Some techniques used to prevent game-train accidents, such as reduced speed, ultrasonic warning sounds, as well as the newly introduced pilot car which runs ahead of trains frightening game away from the railway (T. Stephenson, pers. comm.), may be limited to certain periods of the year, or to particular routes, with a high probability of collisions with game. However, the probability of moose-collision along a specific train route, and how the risk varies according to time and various environmental and technical factors has, to our knowledge, never been estimated.

Figure 1.

Location of the Rørosbanen railway study area in Hedmark county, Norway, with indications of the stations mentioned in the text.


We used a statistical logistic model to establish the most risky train departures for the Rørosbanen railway which has the highest risk of moose-train collisions per km in Norway (Gundersen et al. in press). In the model we included train speed, type of train, time of day and lunar phase, as well as climatic covariables known to be correlated with moose-train collisions.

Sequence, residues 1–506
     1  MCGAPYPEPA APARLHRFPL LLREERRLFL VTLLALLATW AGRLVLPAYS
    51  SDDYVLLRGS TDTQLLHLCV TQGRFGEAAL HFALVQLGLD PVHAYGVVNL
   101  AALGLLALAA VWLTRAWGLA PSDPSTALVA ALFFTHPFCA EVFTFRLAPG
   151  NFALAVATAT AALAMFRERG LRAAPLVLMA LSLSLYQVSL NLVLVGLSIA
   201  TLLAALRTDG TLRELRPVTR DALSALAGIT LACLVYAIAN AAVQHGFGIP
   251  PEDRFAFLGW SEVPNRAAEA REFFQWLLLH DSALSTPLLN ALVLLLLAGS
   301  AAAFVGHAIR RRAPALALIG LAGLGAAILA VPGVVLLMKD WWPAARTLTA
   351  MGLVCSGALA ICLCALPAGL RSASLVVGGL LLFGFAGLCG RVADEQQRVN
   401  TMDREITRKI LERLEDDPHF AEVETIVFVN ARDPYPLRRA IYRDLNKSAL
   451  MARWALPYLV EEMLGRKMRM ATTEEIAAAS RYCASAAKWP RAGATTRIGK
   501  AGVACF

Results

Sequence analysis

Material and methods

Study area

The study was restricted to the Rørosbanen railway which runs through the valley of Østerdalen from Elverum (60°53′N, H°34′E) to Røros (62°35′N, 11°20′E) (Fig. 1). R0rosbanen is 240 km long, and has the highest frequency of moose-train collisions (0.36 moose killed/year/km; Gundersen et al. in press) in Norway. The railway runs through the valley, which is surrounded by hills of boreal forest, dominated by Norway spruce Picea abies and Scots pine Pinus sylvestris, interspersed with a few boreal deciduous species such as birch Betula pubescens and willow Salix spp.